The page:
Archaeological Collection Returns from Monticello

Andrew Jackson’s Hermitage Collections team recently returned from Thomas Jefferson’s Monticello with nearly 300 boxes of archaeological artifacts that have now been fully cataloged. In 2009, a grant-funded partnership allowed The Hermitage to send thousands of artifacts to the Digital Archaeological Archive of Comparative Slavery (DAACS), based at Monticello. These artifacts were discovered during archaeological digs in and around the Triplex, Field Quarter and First Hermitage that took place between the 1970s and early 2000s. DAACS has been fully cataloging all the excavated archaeological material related to the enslaved people at The Hermitage. Some of that data and information is available on the DAACS website, with the rest coming soon.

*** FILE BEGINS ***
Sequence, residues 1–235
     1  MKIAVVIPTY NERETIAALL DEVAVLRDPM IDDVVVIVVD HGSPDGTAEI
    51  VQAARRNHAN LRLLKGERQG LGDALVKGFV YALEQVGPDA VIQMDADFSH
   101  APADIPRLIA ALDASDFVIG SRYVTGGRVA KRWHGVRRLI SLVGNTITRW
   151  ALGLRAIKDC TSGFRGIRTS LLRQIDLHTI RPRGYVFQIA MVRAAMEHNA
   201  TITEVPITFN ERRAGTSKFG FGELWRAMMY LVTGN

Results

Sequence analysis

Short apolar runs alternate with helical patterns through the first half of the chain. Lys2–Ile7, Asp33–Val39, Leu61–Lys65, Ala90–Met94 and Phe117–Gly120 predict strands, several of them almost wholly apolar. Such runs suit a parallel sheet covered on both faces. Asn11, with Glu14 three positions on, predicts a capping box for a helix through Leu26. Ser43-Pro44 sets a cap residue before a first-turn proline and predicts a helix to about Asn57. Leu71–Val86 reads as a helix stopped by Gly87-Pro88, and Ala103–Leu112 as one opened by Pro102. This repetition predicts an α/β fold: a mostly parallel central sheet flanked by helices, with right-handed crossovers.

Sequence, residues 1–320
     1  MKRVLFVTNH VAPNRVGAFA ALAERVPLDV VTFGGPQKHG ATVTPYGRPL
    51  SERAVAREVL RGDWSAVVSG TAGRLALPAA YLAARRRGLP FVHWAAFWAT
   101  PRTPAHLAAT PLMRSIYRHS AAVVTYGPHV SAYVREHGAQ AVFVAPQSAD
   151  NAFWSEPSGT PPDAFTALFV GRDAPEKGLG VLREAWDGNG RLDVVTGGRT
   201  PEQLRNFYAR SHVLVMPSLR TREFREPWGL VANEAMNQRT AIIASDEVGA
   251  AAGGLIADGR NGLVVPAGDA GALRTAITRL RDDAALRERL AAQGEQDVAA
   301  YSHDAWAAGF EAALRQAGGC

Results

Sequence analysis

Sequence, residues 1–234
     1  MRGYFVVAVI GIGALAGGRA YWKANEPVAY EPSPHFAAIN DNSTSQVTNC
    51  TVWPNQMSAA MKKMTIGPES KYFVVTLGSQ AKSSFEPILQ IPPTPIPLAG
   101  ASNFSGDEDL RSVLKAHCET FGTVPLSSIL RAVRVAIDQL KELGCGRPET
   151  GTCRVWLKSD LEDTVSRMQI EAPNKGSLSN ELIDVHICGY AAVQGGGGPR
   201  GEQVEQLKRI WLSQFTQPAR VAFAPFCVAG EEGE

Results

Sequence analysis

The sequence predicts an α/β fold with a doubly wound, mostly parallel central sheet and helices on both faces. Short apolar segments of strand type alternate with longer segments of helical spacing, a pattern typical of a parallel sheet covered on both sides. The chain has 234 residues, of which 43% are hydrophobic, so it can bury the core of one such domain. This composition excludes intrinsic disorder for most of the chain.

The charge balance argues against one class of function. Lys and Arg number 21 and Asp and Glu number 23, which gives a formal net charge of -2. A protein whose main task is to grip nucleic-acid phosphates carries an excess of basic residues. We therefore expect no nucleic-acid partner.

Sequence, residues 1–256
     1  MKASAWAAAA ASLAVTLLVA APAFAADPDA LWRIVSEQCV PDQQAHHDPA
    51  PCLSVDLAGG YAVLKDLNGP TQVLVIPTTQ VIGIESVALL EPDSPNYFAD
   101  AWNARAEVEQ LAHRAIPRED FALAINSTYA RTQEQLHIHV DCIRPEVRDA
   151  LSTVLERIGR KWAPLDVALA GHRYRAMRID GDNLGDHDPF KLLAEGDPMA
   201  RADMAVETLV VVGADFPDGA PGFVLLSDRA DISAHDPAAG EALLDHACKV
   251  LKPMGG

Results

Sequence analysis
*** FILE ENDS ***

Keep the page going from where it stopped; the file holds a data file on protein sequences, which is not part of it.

All the materials were housed in archival bags and stored in acid-free boxes. In October, Jennifer Schmidt, Collections Manager, and Raechel Willis, Curatorial Aide, loaded 265 boxes in a moving truck and safely secured them before making the drive back to The Hermitage.

Raechel Willis and Jennifer Schmidt at Monticello before returning to The Hermitage with archaeological collection.

Approximately 265 boxes were loaded into a moving truck and driven from Monticello to The Hermitage.

In total, The Hermitage has approximately 400 boxes of DAACS cataloged archaeological material that provides invaluable evidence about the people enslaved at The Hermitage, which will enable the site to better and more deeply interpret and tell the stories of their lives.